Friday, April 24, 2015

Mathematics Problems in an Age of Accountability and High Stakes Testing.

In an effort to improve education, we have entered an era of accountability via high stakes testing.  What does this mean to mathematics education, and what impact does this accountability have on learning?

Both as a private math instructor, and a math learning center instructor, I work with students of all levels and ages. One observation I have made is that the math homework assigned to most of my public school students consists almost entirely of standardized tests worksheets.  My students really know how to take a test.  They know a great number of 'tricks', even some that don't require them to understand, or even read the question completely!  Apparently,  they spend a large percentage of class time every day learning test taking 'techniques' and working problems almost strictly from these practice worksheets--time that, I believe, can be better spent actually learning the material.

When I first begin working with some of these students, and I assign them some straight forward problem to work out, I usually get blank stares.  Some even ask me, "What are the choices?"  Of course I explain to them I would like them to try and solve the problem by themselves as much as they can.  Frequently, thirty seconds later I get a remark saying, " I still don't get it," or "It's still too hard." At this point I ask the student to read the question to me, and surprisingly about 70% of the time they are able to solve the problem after just reading it, or actually writing some work down and trying after reading it. It turns out all they had to do was actually read the problem thoroughly, or actually attempt the problem by writing out and organizing their ideas.

What happens when the problems aren't so straightforward though? In my experience they seem to give up after about two minutes if they can't arrive at an answer.  An observation I don't experience very often with their private school counterparts.

Conditioning our students to solve math problems this way cheats them from understanding what math really is, and how beautiful it can be. In order to solve more interesting problems in mathematics a student must be willing to invest the time and effort, as well as apply a bit of ingenuity and imagination.  Sometimes patterns are straightforward, other times this is far from the case.

Take for example the following sequence:

1, 2, 3, 4, 5, 6, 7, 8, 9, ...  

What is the next number in this sequence? If you said, "10" that's great. You saw a pattern that works, in particular, that the nth term is n.

Now, how about this sequence:

2, 4, 6, 8, 10, 12, 14, 16, 18, ...

What is the next number in this sequence? If you said, "20" great again. Once again, you saw a pattern that works, this time however, that the nth term is 2*n.

While these are acceptable solutions to questions regarding these sequences, a natural question to ask is, "Are these the only ones?" It turns out they are not. A particularly curious and creative student may say that given,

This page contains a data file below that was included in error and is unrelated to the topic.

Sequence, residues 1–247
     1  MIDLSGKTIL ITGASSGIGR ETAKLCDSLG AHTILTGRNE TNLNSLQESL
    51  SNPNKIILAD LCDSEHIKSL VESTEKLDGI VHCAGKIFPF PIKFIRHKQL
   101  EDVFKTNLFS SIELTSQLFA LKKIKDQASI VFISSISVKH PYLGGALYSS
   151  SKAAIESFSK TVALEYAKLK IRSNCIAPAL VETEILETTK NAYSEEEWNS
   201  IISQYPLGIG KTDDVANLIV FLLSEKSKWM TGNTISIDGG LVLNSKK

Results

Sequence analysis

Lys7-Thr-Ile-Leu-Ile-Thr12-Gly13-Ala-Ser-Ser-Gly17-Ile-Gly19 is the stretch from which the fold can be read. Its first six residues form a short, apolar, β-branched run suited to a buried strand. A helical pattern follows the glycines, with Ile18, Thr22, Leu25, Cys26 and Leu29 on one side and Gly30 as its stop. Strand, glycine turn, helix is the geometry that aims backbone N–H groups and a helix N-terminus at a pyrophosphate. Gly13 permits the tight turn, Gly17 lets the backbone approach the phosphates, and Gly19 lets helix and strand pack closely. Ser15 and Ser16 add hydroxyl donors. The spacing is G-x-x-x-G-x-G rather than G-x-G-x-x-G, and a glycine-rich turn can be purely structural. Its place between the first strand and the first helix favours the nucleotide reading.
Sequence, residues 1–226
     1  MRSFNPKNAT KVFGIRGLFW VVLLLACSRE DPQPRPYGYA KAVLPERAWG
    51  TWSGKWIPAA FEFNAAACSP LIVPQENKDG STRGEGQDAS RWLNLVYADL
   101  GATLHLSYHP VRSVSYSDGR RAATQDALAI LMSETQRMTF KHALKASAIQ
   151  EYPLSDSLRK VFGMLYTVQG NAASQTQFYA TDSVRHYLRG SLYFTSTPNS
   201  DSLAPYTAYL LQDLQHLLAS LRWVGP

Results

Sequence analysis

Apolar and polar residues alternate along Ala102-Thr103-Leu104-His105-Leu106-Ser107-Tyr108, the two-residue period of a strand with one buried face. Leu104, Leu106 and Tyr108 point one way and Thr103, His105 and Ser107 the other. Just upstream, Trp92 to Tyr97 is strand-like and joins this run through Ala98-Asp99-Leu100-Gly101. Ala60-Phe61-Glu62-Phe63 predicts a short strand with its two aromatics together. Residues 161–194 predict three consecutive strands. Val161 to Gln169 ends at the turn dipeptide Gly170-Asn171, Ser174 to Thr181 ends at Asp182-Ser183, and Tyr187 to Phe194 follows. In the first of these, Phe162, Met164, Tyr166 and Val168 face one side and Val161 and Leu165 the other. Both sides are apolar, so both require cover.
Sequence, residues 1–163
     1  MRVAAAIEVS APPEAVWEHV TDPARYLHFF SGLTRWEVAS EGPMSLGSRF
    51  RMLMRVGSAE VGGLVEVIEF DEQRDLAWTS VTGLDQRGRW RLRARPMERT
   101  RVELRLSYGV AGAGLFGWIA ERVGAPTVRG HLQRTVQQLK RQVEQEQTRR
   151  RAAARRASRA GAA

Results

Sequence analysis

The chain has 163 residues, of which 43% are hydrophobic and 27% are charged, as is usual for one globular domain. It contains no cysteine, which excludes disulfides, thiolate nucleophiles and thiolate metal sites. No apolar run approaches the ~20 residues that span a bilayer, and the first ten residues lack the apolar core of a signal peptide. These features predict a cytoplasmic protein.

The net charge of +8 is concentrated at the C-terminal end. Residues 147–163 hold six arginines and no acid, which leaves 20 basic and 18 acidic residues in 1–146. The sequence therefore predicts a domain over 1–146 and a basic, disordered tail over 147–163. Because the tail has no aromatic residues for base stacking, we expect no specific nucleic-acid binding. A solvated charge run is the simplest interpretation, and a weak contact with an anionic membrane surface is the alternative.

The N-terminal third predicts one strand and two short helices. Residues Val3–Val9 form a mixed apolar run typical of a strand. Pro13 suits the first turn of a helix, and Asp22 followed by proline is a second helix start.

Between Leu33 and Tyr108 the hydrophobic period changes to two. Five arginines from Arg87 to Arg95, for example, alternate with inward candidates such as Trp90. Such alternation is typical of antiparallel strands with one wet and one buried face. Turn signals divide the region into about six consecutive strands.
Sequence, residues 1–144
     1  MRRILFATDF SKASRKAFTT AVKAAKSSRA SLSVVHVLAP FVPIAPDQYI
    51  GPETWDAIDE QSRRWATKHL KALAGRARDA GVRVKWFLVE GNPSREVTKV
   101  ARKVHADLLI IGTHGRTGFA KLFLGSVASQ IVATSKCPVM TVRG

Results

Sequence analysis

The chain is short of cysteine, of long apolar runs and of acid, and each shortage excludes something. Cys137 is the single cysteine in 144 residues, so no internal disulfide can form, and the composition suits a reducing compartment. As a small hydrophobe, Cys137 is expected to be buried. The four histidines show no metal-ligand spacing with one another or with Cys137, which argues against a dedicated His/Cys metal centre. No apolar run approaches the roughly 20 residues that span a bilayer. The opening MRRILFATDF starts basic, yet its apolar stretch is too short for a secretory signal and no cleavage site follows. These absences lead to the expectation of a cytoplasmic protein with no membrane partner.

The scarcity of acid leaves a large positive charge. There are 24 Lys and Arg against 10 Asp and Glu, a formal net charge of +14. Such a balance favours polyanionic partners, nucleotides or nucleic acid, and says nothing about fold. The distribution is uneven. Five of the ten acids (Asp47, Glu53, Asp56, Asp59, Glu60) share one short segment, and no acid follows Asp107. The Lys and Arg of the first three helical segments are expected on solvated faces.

1, 2, 3, 4, 5, 6, 7, 8, 9, ...  ,

the next number in the sequence is 0 if the sequence represents the product of the digits of natural numbers, or if this instead represents the  sequence of palindromes then next number  in the sequence is 11. These rules work, hence, they are also correct answers.

This leads me to my next observation.  These standardized testing practice worksheets are filled with questions that aren't even well posed(some samples and explanations in a future post). Yet we continue to give our students these poorly structured questions, and grind into their brains not only what test makers expected them to answer, but that there is no other way. We are, as Sir Ken Robinson describes, "Killing our children's creativity." Instead we should be nurturing our students curiosity and creativity, after all, they are more essential to learning and understanding.

The point is, there is much more to math than we lead our students to believe, and only by not crippling them, because we care more about how we look statistically on paper, will we be able to hand down the values and skills we already should be handing down--especially since they empowered us and trust us to do so.

What then is the problem? Should we give up standardized tests altogether.  The answer to this is of course no. We need to hold our educators accountable, and to some extent standardized tests can help. The problem, however, is with implementation. First we need to encourage critical thinking, imagination, and creativity by letting teachers teach, and realizing that mastery of the ideas will lead to mastery of the test, not the other way around.

"Good, he did not have enough imagination to become a mathematician." 
—David Hilbert's response upon hearing that one of his students had dropped mathematics to study poetry.

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